A gigantic window that opens to the sky and thousands of crystals suspended from the ceiling are part of Saudi Arabia’s eye-catching pavilion at Expo 2020 Dubai.
The structure is among dozens of pavilions at the world's fair site that opened to visitors on Friday.
Organisers said the number of record-breaking features, which include a striking 32-metre digital water feature that is almost two-thirds as high as the Arc de Triomphe in Paris, will make the Saudi pavilion a sure draw.
The pavilion soars five-storeys high and is spread over an area the size of two football fields, making it second only to the UAE pavilion in size.
Visitors will have a different view each time they visit, with stunning designs that shoot multi-coloured bursts of light across sections, such as 8,000 LED floor lights and the world’s largest digital mirror screen.
Hussain Hanbazazah, commissioner general of Saudi Arabia, detailed the rich content on offer and how it reflected the country’s plans for the future.
“The Saudi Pavilion will not appear the same in the daytime as it will at night,” Mr Hanbazazah told The National.
“The lights will change depending on the content being played on the LED interactive digital mirror screen that is the largest in the world.
“Visitors will be able to enjoy a magnificent mirror and be entertained by many shows in the outdoor area by day, and an immersive experience in a majestic spectacle by night.”
Designers have also sought to reflect the country’s heritage.
“The Kingdom of Saudi Arabia pavilion at Expo 2020 Dubai is a ‘window’ to the world,” he said.
“It soars skywards in a design that celebrates the country’s past. Drawing on the kingdom’s renowned tradition of hospitality, it is also made to look like a giant window, the building offering viewers a glimpse into what Saudi Arabia’s future will look like.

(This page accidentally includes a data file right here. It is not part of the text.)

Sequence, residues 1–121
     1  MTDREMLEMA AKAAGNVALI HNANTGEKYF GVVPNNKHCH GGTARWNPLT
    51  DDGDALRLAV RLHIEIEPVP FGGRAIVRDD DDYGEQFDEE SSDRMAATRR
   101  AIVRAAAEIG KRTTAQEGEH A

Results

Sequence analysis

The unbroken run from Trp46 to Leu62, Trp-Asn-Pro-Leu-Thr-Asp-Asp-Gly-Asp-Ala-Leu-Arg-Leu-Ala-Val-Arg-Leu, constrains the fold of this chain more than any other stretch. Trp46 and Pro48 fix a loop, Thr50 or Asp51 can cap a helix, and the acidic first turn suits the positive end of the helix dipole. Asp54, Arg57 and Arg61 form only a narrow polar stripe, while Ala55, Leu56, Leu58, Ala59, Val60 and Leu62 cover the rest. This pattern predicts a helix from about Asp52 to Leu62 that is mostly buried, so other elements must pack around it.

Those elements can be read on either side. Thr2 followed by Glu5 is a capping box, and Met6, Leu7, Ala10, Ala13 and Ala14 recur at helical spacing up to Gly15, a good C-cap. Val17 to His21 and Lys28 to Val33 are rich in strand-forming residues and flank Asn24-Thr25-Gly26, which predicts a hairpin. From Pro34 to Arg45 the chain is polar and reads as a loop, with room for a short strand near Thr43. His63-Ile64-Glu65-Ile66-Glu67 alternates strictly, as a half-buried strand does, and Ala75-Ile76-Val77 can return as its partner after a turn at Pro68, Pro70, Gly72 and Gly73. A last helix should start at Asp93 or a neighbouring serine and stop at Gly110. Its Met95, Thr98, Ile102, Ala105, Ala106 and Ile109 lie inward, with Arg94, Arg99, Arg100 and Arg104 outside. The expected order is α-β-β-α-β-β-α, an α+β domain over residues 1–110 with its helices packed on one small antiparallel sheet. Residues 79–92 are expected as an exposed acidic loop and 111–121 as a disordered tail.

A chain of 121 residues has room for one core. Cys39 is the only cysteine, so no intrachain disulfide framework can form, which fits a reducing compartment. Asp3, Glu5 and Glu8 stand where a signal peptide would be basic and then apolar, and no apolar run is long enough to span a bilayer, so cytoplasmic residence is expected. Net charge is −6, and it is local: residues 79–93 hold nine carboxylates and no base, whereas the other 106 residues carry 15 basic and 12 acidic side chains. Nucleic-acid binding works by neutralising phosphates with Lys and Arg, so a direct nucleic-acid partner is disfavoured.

“We want people to see what makes our country unique, to see a never-before-seen Saudi Arabia, where they can experience and explore a nation undergoing rapid transformation.
“We want to convey our rich history, on which we will build our future while encouraging visitors from around the world to explore the natural wonders of Saudi Arabia.”
He said the architecture mirrored the ambitions of the Saudi people.
“The base of the prism-like structure represents modern Saudi society with deep-rooted history. It soars skywards, symbolizing the Kingdom’s limitless ambitions,” Mr Hanbazazah said.
One of the dazzling features is an art installation of 2,030 crystals suspended over an escalator.
Smart technology is embedded in the pavilion with organisers keen for visitors to experience the interactive features and choose specific regions in Saudi to explore.
Digital displays take visitors through the country’s latest offerings, including the Red Sea tourism project, the smart city Neom and the entertainment city Qiddiya.
In a walk through, Mr Hanbazazah said visitors would first see a 68-square metre curved LED screen, glimpse the Takuk mountains, dunes of the Empty Quarter in the south east, Unesco heritage and archaeological sites.
Four main themes cover the Saudi people, heritage, opportunity and nature.
The building’s roof is fitted with 650 solar panels as part of the pavilion’s commitment to being among the ‘most sustainable’ structures focused on water and energy efficiency, and reducing emissions.
More than 80 per cent of the waste from construction was recycled.
A traditional Ardah folk dance that combines poetry to the beat of the drums will be one of the highlights on Friday.
“From early October, pavilion visitors are set for a state-of-the-art, immersive experience, to explore our country’s rich heritage, diverse people, vast opportunities, and natural wonders,” Mr Hanbazazah said.
The monthly shows will cover discussions on redesigning cities, women’s empowerment, the power of art, musical performances, comedy, acrobatics and magic.
“We invite visitors from all over the world to visit the Saudi pavilion, experience our famed hospitality, and join us on a journey of discovery through the Kingdom's past, present, and future,” he said.